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Meeting New People

Changes in your life often mean meeting new people. For some, this comes naturally and feels like a great opportunity to make new friends and find like-minded people to connect with. For others, it can be incredibly daunting and overwhelming. 

You will meet lots of different people while at University - housemates, course mates, people in the same society or sports club. Some will become friends while others will just be acquaintances or people you work alongside. Try not to put pressure on yourself to gel with everyone you meet. It is natural that you will get on better with some people than others which is fine as long as you treat everyone with respect. 

Developing some basics skills in meeting and interacting with new people can help to build your confidence. Here are some top tips: 

Top Tips for meeting new people

Top tips 

Why it is helpful 

Example 

Break the Ice 

Someone needs to start the conversation. One of the easiest ways to do this is to comment on the situation you are both in or something you have in common. 

“It’s cold in here today, isn’t it…?”  

“This topic is a lot more complex than I’d imagined. How are you finding it? 

 

Smile and make eye contact 

This will communicate to the other person that you are being friendly and you are interested in them. 

 

Introduce yourself 

This will help the other person to feel more connected to you. Knowing someone’s name helps you to feel more than strangers. 

Hi, I’m _____ What’s your name? 

Small talk 

Start with some simple basics and go from there. 

“Where are you from?”  

“Do you live - on or off campus?” 

“Have you tried many of the cafes on campus? Are there any you could recommend?” 

Ask questions 

Showing interest in the other person is important to prevent the conversation being one-sided. 

“How have you found the course so far...?” 

Don’t share too much too soon 

Be careful not to overwhelm the other person with a lot of information or personal details about yourself when you have just met them. 

“My feet smell so bad. I really need to change my socks!”.  

Remember their name 

Knowing someone’s name means that you have got past the ‘stranger’ zone. It also shows that you were listening which they will appreciate. 

Hi _____, how are you? 

meeting new people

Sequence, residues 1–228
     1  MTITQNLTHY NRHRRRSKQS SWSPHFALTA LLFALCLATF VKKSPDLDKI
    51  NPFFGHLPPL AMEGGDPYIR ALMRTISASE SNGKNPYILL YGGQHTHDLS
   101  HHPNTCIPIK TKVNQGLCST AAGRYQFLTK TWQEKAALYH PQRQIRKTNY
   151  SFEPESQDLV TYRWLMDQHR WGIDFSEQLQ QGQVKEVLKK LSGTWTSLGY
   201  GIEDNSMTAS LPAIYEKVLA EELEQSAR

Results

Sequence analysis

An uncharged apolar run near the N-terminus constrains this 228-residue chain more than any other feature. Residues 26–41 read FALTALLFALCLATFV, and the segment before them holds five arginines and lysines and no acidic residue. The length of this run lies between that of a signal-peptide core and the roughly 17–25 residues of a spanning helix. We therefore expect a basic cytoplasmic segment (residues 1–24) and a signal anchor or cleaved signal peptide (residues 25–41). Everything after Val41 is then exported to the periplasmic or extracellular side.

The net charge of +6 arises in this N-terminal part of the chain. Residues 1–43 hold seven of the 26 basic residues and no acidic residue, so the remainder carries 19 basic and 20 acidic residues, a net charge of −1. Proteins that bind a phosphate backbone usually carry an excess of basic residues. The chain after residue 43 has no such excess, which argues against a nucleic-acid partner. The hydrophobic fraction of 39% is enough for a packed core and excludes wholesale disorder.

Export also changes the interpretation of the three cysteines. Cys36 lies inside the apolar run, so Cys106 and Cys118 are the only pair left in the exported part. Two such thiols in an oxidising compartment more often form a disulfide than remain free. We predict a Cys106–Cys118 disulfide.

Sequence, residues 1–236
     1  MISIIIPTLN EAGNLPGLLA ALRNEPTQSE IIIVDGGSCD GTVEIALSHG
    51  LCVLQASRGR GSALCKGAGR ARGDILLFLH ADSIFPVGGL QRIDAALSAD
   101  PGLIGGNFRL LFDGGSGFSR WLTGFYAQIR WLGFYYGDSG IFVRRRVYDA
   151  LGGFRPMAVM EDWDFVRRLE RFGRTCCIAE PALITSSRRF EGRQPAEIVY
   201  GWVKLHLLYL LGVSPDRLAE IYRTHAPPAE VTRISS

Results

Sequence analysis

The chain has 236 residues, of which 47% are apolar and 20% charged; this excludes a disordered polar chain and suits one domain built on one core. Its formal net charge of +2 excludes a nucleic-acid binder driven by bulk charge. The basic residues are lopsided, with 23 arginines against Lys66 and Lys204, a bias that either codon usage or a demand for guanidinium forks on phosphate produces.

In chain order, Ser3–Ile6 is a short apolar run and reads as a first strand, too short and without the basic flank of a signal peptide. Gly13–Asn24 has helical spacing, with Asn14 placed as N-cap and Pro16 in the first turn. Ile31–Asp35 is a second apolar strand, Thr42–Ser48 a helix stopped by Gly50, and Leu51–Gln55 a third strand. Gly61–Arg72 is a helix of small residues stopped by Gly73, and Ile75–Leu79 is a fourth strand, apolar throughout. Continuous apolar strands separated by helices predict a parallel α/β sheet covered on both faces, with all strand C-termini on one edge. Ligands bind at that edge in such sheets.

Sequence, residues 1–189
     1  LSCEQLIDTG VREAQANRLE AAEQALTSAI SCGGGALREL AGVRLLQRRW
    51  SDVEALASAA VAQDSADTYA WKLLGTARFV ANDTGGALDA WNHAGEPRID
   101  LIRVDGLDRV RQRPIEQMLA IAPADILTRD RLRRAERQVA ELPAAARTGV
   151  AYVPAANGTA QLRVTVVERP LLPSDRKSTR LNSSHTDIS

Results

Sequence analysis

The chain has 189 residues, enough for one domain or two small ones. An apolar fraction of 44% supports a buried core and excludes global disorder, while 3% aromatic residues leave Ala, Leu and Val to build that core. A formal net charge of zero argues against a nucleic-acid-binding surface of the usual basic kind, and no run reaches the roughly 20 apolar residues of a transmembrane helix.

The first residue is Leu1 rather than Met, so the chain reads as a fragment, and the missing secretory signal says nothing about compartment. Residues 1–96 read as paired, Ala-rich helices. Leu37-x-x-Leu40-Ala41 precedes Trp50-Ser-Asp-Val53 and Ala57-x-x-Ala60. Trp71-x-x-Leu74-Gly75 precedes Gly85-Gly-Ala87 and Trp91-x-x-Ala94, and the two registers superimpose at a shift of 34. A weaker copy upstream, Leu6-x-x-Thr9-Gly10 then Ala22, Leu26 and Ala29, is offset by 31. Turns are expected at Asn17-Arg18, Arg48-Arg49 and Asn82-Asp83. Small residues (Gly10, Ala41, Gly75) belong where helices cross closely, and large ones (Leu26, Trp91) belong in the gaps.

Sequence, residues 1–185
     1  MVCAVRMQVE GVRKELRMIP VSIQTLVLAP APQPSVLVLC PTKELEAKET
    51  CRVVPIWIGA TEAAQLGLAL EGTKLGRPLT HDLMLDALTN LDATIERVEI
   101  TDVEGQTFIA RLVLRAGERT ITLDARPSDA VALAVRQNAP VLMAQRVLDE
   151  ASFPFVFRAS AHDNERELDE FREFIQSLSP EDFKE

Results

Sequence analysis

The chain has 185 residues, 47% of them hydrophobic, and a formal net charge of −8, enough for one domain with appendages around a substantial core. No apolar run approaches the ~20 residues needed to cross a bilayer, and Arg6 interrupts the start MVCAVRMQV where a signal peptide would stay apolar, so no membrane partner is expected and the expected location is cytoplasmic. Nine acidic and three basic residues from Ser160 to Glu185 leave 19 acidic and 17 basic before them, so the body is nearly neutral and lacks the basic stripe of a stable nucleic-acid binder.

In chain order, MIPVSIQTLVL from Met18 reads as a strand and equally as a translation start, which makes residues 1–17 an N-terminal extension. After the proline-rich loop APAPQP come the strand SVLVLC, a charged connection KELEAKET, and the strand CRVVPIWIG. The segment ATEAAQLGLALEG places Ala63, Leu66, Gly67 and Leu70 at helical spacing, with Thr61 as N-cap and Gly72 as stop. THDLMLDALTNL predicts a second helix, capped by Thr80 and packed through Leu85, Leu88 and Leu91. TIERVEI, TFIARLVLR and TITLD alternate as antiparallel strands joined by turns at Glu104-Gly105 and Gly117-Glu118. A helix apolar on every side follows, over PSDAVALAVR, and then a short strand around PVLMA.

Connecting with other people is one of the 5 ways to mental wellbeing. Therefore, it is important to invest time in making friends and developing good relationships in order to maintain good mental wellbeing in order to: 

  • help you to build a sense of belonging and self-worth 
  • give you an opportunity to share positive experiences 
  • provide emotional support and allow you to support others 

Tips for making new friends at Warwick

Start small
Find things in common
Give it a go

At first, try to get to know just one or two people. This will build your confidence and help you to feel less isolated. It may also give you the chance to meet their friends and build your network further. 

Try to find something you have in common that you can connect over. This can be easier if you meet while taking part in a common interest e.g. studying, in a society or in an exercise class. 

If someone invites you to something, make the extra effort to say yes. If you’re shy it can be easy to think of all the reasons not to do something, but you can’t know how good something will be until you try it. 

Give people a chance
Focus on the positives
Be proactive

Don’t write people off if you don’t warm to them instantly. Remember that they could be nervous and not being their true self. 

Remind yourself why you are wanting to meet new people – what will having more friends give you that you don’t have at the moment? 

If you want to see the person again, say so and make it happen. Suggest another get-together and swap contact details. 

Don’t force it
Invest time
Get a date in the diary

If the other person really isn’t keen, don’t try to force it. There are plenty more people you can get to know. 

Put in the time at the start – it will be easier to make new friends when everyone else is also new. That doesn’t mean that you can’t also make new friends at any time though. 

Organising meeting up at a specific time for a specific purpose is a great way to make sure you have a chance to get to know each other. 

making new friends making new friends

Building better connections with housemates: 

  • Keep your room door open so your housemates feel welcome to come in and say hello. 
  • Suggest that you make dinner together to get to know each other
  • Offer your housemate a cup of tea or a cold drink
  • Join online groups for your accommodation to get to know people outside of your flat
  • Suggest a film night with your housemates
  • Get out of the flat – go for a walk or spend some time outdoors together
  • Suggest you go food shopping together
making new friends making new friends

Building better connections with course mates:

  • Try to rally some of your course mates together to make a study group
  • Invite people out for lunch or a coffee after a seminar
  • See if your course subject has an SU society that you could join
  • Take time to get to know people when working in groups – make a WhatsApp group so you can stay in touch
  • Get to lectures a few minutes early to give yourself a chance to chat to your course mates before the lecture starts

making new friends

Specific Opportunities to Make Friends and meet new people at Warwick:

If you are struggling with feelings of loneliness or isolation, Wellbeing Support Services offer Brief Consultation sessions from 10am to 3pm, Monday to Friday, via our Wellbeing Portal or you can call Wellbeing Support Services on 024 7657 5570

For more information on meeting new people and making friends, take a look at the following links: